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Can J Ophthalmol. 2004 Aug;39(5):499-505.

Retinal toxicity of intravitreal ganciclovir in rabbit eyes following vitrectomy and insertion of silicone oil.

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  • 1Department of Ophthalmology and Vision Sciences, University of Toronto, Toronto, Ont.



Although intravitreal ganciclovir dosages up to 500 microg have been demonstrated to be safe in some studies, other studies have shown toxic retinal effects in rabbit eyes without silicone oil at lower dosages. In current clinical practice, the same dosage of intravitreal antiviral agent is given regardless of whether there has been retinal detachment repair with silicone oil. We performed a study to investigate, in rabbit eyes following vitrectomy and silicone oil insertion, the retinal toxicity of serial intravitreal injections of ganciclovir, using dosages previously found not to produce significant toxic effects in nonvitrectomized eyes.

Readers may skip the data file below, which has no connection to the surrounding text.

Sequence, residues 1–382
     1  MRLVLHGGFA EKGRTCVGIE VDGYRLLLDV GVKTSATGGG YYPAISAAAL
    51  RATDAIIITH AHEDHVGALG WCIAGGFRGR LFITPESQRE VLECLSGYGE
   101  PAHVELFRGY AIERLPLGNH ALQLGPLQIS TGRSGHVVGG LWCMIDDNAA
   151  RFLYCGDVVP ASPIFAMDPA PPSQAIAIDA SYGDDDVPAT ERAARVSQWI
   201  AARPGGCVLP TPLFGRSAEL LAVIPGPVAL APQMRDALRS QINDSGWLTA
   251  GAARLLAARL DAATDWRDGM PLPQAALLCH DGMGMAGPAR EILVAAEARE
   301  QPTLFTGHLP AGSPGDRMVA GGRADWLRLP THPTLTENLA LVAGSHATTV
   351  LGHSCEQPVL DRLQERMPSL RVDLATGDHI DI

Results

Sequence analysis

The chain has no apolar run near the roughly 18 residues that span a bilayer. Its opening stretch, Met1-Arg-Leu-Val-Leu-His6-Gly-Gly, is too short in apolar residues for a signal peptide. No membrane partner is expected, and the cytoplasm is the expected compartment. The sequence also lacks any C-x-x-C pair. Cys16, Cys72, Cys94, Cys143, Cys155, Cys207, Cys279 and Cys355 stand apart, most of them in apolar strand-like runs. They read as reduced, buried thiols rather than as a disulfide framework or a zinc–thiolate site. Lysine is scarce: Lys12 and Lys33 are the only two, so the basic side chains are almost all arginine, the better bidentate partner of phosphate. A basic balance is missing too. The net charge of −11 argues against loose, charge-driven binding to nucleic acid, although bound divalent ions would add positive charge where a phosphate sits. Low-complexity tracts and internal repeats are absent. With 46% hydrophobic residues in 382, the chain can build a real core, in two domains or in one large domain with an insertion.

Twenty-eight eyes of 14 New Zealand pigmented rabbits underwent pars plana vitrectomy and silicone oil insertion. One eye of each animal received an intravitreal ganciclovir injection twice weekly for 2 weeks. The other eye received 0.1 mL of normal saline as a control. Three dosages of ganciclovir (50, 100 or 200 microg/0.1 mL) were used in three groups of three to six animals. Scotopic electroretinography and histologic examination were performed 2 weeks postoperatively.


No differences in scotopic b-wave threshold (p = 0.23, 0.78 and 0.50 for ganciclovir dosages of 50, 100 and 200 microg/0.1 mL respectively, Mann-Whitney U test) or in light microscopy findings were noted between the treatment and control eyes at any dosage of ganciclovir. Surgical complications were observed in eight eyes; the data for these eyes were not used for analysis.


Ganciclovir dosages of up to 200 microg/0.1 mL appear to be safe for serial intravitreal injection in rabbit eyes following vitrectomy and silicone oil insertion.

[PubMed - indexed for MEDLINE]
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